March 1st is the first day of Spring (If you go by the Meteorological calendar). Traditionally a time for spring cleaning – having a thorough clean of your home from top to bottom, getting into all those spaces you don’t normally bother to clean – skirting boards, the top of kitchen cupboards, the junk drawer…
Nowadays we know that physical de-cluttering is good for our overall wellbeing. Having a clean, clutter free space can reduce anxiety, promote better quality sleep and boost creativity.
It’s great having a lovely clutter free space to live or work in, but when was the last time you had a clutter free mind? When did you last look into those spaces that you don’t normally look at? Your mental equivalent of a junk drawer? If you’re feeling overwhelmed and overloaded, have little capacity to take on new information and can’t seem to focus, you might benefit from a spring clean of the mind.
Here’s 3 simple ways you can mentally de-clutter, let go of what doesn’t serve you, and create some better mind habits.
De-clutter your working memory
“You can’t reach for anything new if your hands are full of yesterday’s clutter” Louise Smith
Our working memory is a short- term storage facility for any tasks that need reasoning, comprehension or learning. So, if you want to solve a problem or make decisions you can easily access the information you need to get the task done. BUT it can only hold so much before “decision fatigue” sets in.
The consensus is that the average adult makes 35,000 decisions every day. These could be conscious, thought through decisions, or quick impulsive decisions. A tiring thought!
To combat decision fatigue, you can “pre decide” some of the simpler decisions that you make every day. Our brain loves being on auto-pilot, and although as a coach I spend most of my time encouraging people to get off auto-pilot, it’s still useful for those mundane day to day decisions such as what to wear in the morning or what to eat for breakfast. So, make those decisions in advance, create a routine that works for you and free up space for those bigger decisions that require more energy.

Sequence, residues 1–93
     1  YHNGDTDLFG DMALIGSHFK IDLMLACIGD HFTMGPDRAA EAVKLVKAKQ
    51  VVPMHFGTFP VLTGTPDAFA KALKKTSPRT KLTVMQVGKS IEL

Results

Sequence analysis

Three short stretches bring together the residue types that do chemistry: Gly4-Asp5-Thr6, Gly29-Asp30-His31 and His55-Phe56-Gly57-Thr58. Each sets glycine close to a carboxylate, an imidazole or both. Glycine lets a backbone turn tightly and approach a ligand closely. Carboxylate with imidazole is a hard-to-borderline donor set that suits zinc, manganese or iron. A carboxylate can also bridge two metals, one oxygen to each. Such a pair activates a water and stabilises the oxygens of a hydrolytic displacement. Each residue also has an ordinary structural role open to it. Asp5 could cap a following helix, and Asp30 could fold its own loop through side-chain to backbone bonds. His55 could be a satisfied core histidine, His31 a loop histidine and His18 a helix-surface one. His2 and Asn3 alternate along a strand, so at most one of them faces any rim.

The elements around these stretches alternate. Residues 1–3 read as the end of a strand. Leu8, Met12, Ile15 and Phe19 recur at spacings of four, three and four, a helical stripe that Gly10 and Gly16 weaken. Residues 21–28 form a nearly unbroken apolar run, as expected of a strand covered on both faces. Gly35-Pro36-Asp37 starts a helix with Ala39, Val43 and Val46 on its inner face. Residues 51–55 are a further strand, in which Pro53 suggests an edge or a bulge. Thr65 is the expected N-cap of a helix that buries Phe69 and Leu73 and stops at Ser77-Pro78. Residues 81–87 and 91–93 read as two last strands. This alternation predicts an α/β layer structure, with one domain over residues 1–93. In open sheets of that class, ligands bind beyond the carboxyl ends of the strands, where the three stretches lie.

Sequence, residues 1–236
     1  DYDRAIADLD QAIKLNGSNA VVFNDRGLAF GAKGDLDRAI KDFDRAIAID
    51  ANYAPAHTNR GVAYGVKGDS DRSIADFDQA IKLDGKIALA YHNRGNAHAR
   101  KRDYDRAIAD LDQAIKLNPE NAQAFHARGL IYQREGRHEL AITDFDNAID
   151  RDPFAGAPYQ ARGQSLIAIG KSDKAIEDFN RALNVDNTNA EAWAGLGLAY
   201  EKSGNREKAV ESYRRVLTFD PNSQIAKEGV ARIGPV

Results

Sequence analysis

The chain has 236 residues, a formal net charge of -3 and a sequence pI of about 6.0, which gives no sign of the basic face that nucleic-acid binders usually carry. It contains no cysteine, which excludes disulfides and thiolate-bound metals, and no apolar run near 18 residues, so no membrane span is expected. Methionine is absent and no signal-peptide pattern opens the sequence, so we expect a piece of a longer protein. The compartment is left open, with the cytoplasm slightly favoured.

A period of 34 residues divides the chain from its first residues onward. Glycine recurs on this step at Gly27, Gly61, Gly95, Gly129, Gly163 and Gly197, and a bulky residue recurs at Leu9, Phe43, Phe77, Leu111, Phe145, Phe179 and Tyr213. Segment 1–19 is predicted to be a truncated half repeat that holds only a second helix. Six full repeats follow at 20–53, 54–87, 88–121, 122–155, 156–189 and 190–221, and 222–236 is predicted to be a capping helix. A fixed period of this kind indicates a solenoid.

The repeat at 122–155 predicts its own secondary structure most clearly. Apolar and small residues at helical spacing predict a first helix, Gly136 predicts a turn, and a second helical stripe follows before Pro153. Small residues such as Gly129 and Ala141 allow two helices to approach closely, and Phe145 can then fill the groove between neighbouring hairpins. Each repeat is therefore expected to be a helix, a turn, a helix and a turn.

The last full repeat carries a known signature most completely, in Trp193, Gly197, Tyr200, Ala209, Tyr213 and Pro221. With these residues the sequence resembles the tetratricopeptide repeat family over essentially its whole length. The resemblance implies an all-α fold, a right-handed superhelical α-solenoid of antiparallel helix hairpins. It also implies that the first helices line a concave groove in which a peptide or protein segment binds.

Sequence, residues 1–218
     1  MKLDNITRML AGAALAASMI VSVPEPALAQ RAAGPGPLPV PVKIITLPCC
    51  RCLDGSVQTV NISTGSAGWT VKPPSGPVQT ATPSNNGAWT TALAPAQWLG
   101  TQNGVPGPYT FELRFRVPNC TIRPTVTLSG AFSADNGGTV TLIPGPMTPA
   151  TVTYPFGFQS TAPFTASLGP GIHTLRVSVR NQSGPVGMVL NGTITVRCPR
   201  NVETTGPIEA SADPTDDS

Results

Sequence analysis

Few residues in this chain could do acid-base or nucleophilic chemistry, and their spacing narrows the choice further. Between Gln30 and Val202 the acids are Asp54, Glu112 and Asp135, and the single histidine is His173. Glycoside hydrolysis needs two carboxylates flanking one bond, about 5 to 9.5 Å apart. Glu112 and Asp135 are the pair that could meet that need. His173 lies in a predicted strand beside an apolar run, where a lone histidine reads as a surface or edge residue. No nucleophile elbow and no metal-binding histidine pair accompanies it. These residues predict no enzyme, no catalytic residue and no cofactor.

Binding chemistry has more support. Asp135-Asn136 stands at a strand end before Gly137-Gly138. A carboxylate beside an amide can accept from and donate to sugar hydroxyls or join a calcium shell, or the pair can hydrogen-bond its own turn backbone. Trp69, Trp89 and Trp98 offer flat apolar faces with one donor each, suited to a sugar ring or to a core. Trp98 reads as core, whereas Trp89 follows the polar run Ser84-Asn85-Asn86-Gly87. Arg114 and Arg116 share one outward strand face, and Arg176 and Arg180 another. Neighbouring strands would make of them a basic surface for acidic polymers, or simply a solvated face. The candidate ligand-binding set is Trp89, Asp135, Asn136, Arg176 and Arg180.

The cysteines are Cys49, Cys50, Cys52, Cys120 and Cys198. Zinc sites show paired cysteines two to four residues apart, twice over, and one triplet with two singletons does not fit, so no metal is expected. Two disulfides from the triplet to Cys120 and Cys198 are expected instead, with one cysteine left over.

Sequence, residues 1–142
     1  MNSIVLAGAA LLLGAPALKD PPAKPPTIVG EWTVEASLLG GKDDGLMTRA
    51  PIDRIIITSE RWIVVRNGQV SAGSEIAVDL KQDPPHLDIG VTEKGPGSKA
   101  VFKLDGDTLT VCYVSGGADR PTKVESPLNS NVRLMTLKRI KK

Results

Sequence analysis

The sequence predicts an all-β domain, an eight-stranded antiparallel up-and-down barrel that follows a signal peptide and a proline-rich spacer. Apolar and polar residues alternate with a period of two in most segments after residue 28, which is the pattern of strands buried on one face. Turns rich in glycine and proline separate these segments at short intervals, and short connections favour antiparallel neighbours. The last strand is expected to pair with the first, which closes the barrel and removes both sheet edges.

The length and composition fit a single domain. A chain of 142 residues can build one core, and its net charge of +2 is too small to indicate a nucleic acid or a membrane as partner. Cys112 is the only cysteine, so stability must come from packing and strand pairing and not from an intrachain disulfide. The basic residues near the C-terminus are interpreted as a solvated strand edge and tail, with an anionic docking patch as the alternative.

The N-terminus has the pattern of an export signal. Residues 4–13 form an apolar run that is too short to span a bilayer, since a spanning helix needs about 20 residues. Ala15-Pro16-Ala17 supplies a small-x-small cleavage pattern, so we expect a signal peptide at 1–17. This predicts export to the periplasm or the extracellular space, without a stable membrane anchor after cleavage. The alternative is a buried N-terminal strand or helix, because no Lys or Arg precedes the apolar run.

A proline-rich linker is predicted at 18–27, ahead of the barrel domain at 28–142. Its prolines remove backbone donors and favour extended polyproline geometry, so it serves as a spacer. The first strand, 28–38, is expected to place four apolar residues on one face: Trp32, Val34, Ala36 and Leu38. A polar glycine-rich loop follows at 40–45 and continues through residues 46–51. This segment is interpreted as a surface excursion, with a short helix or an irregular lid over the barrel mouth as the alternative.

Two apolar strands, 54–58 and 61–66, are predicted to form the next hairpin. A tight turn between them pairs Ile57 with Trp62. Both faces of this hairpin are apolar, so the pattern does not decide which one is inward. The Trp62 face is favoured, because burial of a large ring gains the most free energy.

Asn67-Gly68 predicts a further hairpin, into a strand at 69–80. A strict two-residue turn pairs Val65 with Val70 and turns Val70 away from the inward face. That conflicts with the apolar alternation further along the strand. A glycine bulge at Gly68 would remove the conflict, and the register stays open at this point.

Many successful entrepreneurs do this, including Steve Jobbs, Co-founder and CEO of Apple, who famously wore the same clothes every day to save his “decision energy”.
For those bigger decisions, write them down along with possible solutions and pros and cons. Once they’re out of your working memory and in front of you in black and white you can apply more conscious reasoning and remove some of the anxiety you may have been feeling when they were swirling around in your head.
And this always seems to shock people when I tell them that they can always UN-decide after. Now I know if you’ve decided to cut all your hair off and go for a short bob, you can’t undecide that. But then again you could always invest in extensions… you just have to make different choices!
Spring Clean your relationships
“You are the average of the five people you spend the most time with.” Jim Rohn
Whether you believe this or not, it’s a good reminder for us to pay attention to the impact our close relationships have on our wellbeing. The people we spend time with can have more of an impact on how we think feel and act than we notice.
Take an honest look at who you surround yourself with. Who lifts you up or gets you down? Who drains you and who energises you? Who do you want to spend more time with, and who would you prefer to see less often?
I’m sure you’ve noticed when you’ve spent a lot of time with people who are negative or complain a lot, you can either find yourself irritated and drained or even joining in and feeling bad about it after. If you want to feel energised, uplifted and happy, then it makes sense to spend your time with people who have good energy, shared interests and a positive outlook.
And yes, we probably feel guilty about choosing who to spend our time with. We all have commitments, obligations, family ties…but life’s all about balance and it’s OK for you to set some personal boundaries and get your own needs met. When we feel mentally nourished it’s easier to show up as our best selves.
Get out of your comfort zone
“A comfort zone is a beautiful place, but nothing ever grows there” Unknown.
A comfort zone often feels familiar and safe. Even if you’re unhappy in your current circumstances it can still be easier for your mind to accept what’s familiar rather than venture into the unknown. Stepping outside of what you know can trigger fear, insecurity and anxiety. But it can also lead to excitement, joy and growth.
Worrying about doing new things is usually worse than actually doing it. By the time we’ve mentally rehearsed everything that might happen or that could go wrong we already feel mentally exhausted.
So how can you step outside your comfort zone? Stop imagining it as a huge event and start small. Identify something you would normally feel uncomfortable about and just do it. It could just be taking a different route to work, speaking to someone you don’t normally speak to, wearing something different. See it as an experiment – notice what you say to yourself in your head and how you feel when you’re doing it. Then notice how you feel when you’ve achieved it. And do it again!
Your mind’s number one job is to keep you safe, so once you prove to it that taking a different route to work won’t lead to a lion attack or an untimely death it will be quite happy for you to do this without feeling anxious.
And don’t just save your mental spring clean for Spring, a regular “audit” and creating better mind habits will keep you on track leave you with less to de-clutter!